Tuesday, August 11, 2009

BEAVER CLEAVER

“YOU CAN’T ALWAYS GET WHAT YOU WANT…….”
“But, you get what you need,” so went the Rolling Stones' song. It’s so simple, so true, yet so bogus. It has been my observation for half a century (now there’s a dismal thought!) that often, living creatures do not get what they need. The results can be catastrophically damaging. Take this beaver -it’s obviously dead. It was just beginning to cross the road when a car hit it. I have wanted to take beaver photos for a long time. When my scout called about a dead one on Route 209, I didn’t hesitate. Ideally, I’d prefer live beaver shots, but as a wildlife photographer and writer, I take what I need; I don’t always get what I want. In its death, I can still appreciate the fur, the hand-like feet and geometric scaling of the tail. I’ve never actually seen a beaver in the wild. All the beavers in my life have been dead and many of them in far worse shape than this one.
My father had a dog sled team when I was growing up. He never won any races, nor was he able to successfully breed his Siberian huskies. We had dozens of puppies, but by breed standards, none of them was adequate to sell. My father complained bitterly that he could not get a good dog out of the bunch. We did have a fancy Canary that sang prolifically. My father had traded it for a dog, somewhat appeasing my mother. Though they were “no good,” the dogs were nonetheless, expensive to feed. At the time, there were sixteen dogs and four of us children. Feeding us was business enough for my mother without the dogs. In his travels, my father was continually finagling food for his dogs. A couple of summers, he negotiated with a local summer camp for the dining hall slops. Three times a day, a truck showed up loaded with trash barrels full of macaroni, scrambled eggs, half-eaten hot dogs and other food based garbage. After the campers finished their meals, they slid the tray contents into the cans; it was clean food. The can contents were dumped on the ground for the dogs. After the dogs finished, my sisters and I rounded up the flatware that had been accidentally discarded with the food. It was the only thing the dogs did not eat. We proudly presented it to our mother, who washed and put it away in the kitchen drawer. We quickly collected a couple of sets, too. One winter, my father met a trapper in a bar. The trapper complained that the town wouldn’t let him discard his beaver carcasses at the dump any longer. He had accumulated a mountain of skinned beavers in his yard. They were frozen solid, but spring was coming. He’d have to rent a backhoe to dig a big hole into which he would bury them. “No way I can make any kind a money on them pelts if I got to eat that kind a cost, god damned town,” he groused. He wasn’t getting what he needed at all, other than another guy to complain with. But, my father thought he might be going to get what he needed: dog food. Some arrangement was made for the pile of free, frozen meat, though my father forgot to mention that to us. One Sunday morning, while my parents slept off hangovers, a dump truck arrived. Watching from my bedroom window, I saw a man climb into the back of the truck. With a pitchfork, he began stabbing and flinging out what I was sure were babies - human babies! Little, naked pink bodies were flying through the air and hitting the ground with thuds. Screaming, I ran to my parents’ room and pounded their door, “AAAAaaaaaagh! Get up! Get up! A man’s throwing babies into the yard!” It took eternity for my father to stumble out of the room, smelling like sweat and booze. He looked out of the window and vomited. I think our days of dogs concluded soon after that. I do remember that my sisters and I collected the teeth left behind, the only part the dogs did not eat. My father drilled holes in them and made us each beaver teeth necklaces. My parents were not the June and Ward Cleaver I wanted. But, they may have at least been what I needed; they didn’t just kill me.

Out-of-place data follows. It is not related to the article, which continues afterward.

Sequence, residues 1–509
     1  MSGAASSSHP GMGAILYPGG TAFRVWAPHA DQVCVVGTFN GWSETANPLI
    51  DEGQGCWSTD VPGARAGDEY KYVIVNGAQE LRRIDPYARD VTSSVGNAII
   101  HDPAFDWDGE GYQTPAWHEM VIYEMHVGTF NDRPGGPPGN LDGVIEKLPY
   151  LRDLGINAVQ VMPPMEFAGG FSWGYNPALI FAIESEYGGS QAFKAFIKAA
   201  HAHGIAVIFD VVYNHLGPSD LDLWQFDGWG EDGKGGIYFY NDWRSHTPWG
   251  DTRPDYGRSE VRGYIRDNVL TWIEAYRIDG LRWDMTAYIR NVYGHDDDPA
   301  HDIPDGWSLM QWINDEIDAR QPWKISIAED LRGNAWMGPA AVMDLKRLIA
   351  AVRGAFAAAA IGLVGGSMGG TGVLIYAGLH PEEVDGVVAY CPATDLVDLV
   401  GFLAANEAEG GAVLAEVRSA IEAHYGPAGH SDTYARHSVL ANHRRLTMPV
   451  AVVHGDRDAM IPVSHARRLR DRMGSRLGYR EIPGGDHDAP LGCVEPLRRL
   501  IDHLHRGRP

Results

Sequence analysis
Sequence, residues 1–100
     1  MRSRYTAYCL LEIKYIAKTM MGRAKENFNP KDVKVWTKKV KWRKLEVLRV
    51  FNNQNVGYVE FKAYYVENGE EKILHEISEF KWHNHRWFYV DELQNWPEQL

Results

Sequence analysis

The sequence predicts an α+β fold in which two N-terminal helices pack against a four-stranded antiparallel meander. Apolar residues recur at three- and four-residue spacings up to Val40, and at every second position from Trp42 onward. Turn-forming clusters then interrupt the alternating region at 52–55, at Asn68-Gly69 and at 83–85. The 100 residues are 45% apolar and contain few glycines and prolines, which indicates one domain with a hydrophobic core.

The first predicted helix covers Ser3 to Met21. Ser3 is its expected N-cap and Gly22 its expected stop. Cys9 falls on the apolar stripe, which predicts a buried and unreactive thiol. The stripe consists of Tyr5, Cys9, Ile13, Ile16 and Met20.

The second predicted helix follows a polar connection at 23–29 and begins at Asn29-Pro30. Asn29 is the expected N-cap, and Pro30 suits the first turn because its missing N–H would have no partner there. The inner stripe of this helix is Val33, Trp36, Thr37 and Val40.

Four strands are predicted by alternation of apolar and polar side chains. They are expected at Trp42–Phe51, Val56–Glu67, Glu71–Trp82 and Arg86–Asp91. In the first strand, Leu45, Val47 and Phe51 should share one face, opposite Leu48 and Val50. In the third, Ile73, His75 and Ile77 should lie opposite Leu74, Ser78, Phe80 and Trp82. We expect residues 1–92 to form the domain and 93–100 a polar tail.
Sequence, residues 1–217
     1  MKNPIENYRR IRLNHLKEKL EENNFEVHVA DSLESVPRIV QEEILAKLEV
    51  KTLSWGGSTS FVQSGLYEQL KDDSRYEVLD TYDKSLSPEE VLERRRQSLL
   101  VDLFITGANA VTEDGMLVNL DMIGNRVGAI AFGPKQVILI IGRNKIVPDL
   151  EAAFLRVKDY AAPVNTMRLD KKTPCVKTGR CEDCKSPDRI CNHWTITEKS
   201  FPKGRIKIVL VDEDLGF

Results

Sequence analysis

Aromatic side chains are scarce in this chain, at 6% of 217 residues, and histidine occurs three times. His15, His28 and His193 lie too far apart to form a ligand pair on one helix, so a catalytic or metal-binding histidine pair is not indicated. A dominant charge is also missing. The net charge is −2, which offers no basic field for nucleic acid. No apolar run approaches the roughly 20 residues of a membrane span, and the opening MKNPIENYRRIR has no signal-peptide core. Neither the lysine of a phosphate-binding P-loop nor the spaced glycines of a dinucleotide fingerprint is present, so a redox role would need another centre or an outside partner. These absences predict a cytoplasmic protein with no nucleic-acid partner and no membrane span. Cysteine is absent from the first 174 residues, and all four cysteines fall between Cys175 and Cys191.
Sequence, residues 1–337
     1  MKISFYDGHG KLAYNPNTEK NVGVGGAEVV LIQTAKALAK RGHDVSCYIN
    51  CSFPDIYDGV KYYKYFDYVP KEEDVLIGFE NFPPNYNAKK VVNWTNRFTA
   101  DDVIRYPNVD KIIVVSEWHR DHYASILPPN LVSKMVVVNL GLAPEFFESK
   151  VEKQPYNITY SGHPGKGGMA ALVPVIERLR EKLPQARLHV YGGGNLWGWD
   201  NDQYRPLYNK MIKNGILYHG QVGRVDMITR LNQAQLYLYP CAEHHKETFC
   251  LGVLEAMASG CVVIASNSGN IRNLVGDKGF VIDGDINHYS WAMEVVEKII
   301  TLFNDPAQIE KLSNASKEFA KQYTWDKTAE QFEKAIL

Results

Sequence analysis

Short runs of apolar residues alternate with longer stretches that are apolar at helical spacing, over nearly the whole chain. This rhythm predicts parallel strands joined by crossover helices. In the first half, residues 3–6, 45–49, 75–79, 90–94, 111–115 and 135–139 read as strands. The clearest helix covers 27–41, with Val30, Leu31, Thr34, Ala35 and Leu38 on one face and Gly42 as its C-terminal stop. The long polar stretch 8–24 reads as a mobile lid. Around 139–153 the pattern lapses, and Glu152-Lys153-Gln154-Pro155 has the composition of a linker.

5 comments:

  1. Robin, you are a hoot and a half....great, great story!!


    BTW, that is a Stones, song, not a Beatles song. But who cares....

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  2. OOhhh! No damaged brain cells here! I fixed my pop music faux pas, thanks! RRR

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  3. Thank you. Good that this TWWWWWadgedy is funny!RRR

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  4. I don't believe there is an adequate comment for the beaver entry. You never cease to amaze me with your tales of childhood. I didn't know your father kept sled dogs and the beaver babies......what a story. It is right out of The Bean's of Egypt ME. Caroline Chute has nothing on you. Well, she did grow up in Cape Elizabeth after all.

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